Corn: Down 9 to 11 cents
Soybeans: Down 5 to 7 cents
Wheat: Down 6 to 10 cents
General Comment: Grains and soybean selling off a bit following the weakness in global markets stock and commodity markets as fears President Donald Trumps latest tariffs on Mexico last night that involve something non-economic. The perception this morning is that the U.S. is arbitrarily using tariffs to change government policies and ignoring prior trade accords, something that will damage the global standing of the U.S. as a reliable trading partner. On Thursday, Chinese Vice Foreign Minister Zhang Hanhui said deliberately provoking trade disputes is “naked economic terrorism, economic chauvinism, economic bullying.”
Last night in a surprise move, Trump said he will impose a 5% tariff on all Mexican goods, taking effect on June 10, if the country does not stop immigrants from illegally entering the U.S. The White House warned that the levy could rise as high as 25% by Oct. 1 if the issue is not remedied. A 5% tariff on those products would amount to a tax increase of more than $17 billion, with major consequences for American consumers and businesses. Mexico quickly fired back, vowing that tariffs would not go unanswered. The Mexican peso weakened by as much as 3% as investors mull the long list of goods that would be hit by the move. More important, the Mexico tariffs dims the prospect of a trade deal with any nation as the president shows he is willing to arbitrarily impose punitive trade measures.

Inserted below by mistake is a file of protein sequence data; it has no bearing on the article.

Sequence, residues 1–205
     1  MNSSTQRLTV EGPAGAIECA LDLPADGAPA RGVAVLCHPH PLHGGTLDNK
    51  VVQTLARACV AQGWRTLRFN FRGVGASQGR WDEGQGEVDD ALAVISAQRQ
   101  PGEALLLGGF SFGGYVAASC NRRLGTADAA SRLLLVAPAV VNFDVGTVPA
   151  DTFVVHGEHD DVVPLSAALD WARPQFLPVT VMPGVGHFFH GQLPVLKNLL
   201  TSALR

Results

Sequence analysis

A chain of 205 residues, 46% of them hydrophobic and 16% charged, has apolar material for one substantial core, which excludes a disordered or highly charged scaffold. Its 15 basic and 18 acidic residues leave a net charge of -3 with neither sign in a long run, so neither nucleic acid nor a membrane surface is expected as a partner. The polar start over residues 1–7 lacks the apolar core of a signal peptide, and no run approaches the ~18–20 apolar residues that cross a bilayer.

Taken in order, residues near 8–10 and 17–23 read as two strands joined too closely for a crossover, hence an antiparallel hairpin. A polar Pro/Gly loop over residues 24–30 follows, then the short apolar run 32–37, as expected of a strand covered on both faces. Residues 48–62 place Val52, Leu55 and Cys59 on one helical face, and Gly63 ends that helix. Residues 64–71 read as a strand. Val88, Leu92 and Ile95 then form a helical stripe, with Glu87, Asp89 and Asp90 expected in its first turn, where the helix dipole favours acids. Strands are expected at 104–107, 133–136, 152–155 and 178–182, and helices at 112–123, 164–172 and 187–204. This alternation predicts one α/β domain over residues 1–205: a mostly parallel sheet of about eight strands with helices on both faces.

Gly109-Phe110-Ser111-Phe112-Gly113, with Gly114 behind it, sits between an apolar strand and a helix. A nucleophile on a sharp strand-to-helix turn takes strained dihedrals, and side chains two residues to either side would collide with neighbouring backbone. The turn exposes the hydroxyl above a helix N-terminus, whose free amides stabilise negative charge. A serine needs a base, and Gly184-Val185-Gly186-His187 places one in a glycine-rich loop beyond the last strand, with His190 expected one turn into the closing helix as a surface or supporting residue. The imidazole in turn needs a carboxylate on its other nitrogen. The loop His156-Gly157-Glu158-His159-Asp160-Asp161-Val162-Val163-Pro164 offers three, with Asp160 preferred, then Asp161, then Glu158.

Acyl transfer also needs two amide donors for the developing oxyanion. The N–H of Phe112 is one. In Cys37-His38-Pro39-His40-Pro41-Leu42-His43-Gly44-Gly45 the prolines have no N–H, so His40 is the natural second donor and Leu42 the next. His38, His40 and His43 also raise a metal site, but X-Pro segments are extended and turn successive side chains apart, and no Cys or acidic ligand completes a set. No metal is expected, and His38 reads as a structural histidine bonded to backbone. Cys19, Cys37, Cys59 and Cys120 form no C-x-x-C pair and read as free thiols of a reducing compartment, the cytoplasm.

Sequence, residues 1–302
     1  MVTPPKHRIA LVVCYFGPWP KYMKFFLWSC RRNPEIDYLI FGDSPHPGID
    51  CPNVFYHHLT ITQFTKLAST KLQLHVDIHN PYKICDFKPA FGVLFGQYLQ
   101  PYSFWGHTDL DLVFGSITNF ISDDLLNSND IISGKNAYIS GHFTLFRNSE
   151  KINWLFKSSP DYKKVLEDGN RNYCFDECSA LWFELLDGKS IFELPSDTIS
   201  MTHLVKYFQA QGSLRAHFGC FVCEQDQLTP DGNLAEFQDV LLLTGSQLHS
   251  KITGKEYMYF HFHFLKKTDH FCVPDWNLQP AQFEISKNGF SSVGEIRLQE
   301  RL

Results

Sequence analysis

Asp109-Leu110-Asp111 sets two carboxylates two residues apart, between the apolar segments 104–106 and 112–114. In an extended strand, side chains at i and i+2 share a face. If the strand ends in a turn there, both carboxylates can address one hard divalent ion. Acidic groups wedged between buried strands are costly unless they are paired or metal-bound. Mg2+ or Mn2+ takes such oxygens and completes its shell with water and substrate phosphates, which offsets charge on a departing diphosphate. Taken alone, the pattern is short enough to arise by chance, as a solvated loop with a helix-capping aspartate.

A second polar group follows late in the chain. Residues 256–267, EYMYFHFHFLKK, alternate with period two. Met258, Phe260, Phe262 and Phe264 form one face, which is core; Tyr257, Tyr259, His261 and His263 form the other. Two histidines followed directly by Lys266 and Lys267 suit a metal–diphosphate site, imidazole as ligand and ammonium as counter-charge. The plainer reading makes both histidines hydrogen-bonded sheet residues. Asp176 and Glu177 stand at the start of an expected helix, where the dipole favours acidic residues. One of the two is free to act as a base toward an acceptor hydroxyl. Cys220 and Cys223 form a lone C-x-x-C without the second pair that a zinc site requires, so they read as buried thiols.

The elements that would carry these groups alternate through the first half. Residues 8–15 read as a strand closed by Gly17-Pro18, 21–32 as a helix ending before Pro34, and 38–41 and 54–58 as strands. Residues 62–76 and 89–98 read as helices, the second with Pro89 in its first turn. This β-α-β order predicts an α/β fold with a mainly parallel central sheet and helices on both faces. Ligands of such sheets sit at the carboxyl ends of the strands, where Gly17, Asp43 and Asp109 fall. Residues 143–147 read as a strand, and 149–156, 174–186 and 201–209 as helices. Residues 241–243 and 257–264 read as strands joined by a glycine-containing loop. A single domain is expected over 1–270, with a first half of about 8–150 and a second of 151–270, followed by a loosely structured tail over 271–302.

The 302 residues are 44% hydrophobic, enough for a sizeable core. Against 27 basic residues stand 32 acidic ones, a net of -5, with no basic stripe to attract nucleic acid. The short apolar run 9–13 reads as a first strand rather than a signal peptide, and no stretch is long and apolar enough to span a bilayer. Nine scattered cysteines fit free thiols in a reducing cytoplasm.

Meanwhile, China's Commerce Ministry said on Friday that it will draft a list of foreign companies, organizations and individuals that it deems "unreliable" for Chinese companies. The move, which does not single out any countries or companies, comes amid U.S.-China tensions that have sharply escalated since Washington put Huawei on a blacklist that effectively bans U.S. firms from doing business with the Chinese telecommunications equipment giant. The "unreliable entities list" will apply to those who flout market rules and the spirit of contracts, block supplies to Chinese companies for non-commercial reasons and "seriously harm the legitimate rights and interests" of Chinese companies. Earlier this week, China moved to restrict exports of rare earth minerals to the U.S. The editor of a ruling Communist Party newspaper said authorities in Beijing plan a “major” retaliation against the U.S. The news comes as economic data continues to show a worse-than-expected performance, with manufacturing Purchasing Managers Index falling further below 50, signaling a contraction in China’s economy.
China's consumers are fretting over soaring fruit prices as poor domestic harvests and higher tariffs on U.S. imports take a bite out of supplies at a time when income growth is slowing in a cooling economy. The average national wholesale price of Fuji apples - the most popular variety in China - rose more than 75% this week from a year ago, data from the Ministry of Agriculture showed. Aksu apples and Korla pears sold at Jiangnan market – one of China's biggest fruit and vegetable wholesale markets - jumped 90% and 60%, respectively, in May, according to Reuters calculations based on data from the market in Guangzhou city.